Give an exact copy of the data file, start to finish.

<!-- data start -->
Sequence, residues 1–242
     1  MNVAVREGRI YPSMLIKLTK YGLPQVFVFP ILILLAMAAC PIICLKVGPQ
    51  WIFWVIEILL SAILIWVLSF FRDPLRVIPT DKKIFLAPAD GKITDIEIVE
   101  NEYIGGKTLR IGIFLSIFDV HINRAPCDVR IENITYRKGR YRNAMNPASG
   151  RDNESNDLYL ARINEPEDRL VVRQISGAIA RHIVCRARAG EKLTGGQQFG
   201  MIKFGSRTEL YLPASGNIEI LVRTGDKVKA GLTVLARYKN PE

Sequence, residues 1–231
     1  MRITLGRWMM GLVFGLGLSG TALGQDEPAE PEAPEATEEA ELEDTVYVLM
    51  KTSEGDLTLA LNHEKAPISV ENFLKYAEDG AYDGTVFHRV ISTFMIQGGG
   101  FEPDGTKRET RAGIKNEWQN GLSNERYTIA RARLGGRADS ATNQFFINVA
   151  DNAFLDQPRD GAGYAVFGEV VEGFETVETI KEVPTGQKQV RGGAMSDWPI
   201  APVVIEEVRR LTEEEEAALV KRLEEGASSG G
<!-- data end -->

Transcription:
Sequence, residues 1–242
     1  MNVAVREGRI YPSMLIKLTK YGLPQVFVFP ILILLAMAAC PIICLKVGPQ
    51  WIFWVIEILL SAILIWVLSF FRDPLRVIPT DKKIFLAPAD GKITDIEIVE
   101  NEYIGGKTLR IGIFLSIFDV HINRAPCDVR IENITYRKGR YRNAMNPASG
   151  RDNESNDLYL ARINEPEDRL VVRQISGAIA RHIVCRARAG EKLTGGQQFG
   201  MIKFGSRTEL YLPASGNIEI LVRTGDKVKA GLTVLARYKN PE

Sequence, residues 1–231
     1  MRITLGRWMM GLVFGLGLSG TALGQDEPAE PEAPEATEEA ELEDTVYVLM
    51  KTSEGDLTLA LNHEKAPISV ENFLKYAEDG AYDGTVFHRV ISTFMIQGGG
   101  FEPDGTKRET RAGIKNEWQN GLSNERYTIA RARLGGRADS ATNQFFINVA
   151  DNAFLDQPRD GAGYAVFGEV VEGFETVETI KEVPTGQKQV RGGAMSDWPI
   201  APVVIEEVRR LTEEEEAALV KRLEEGASSG G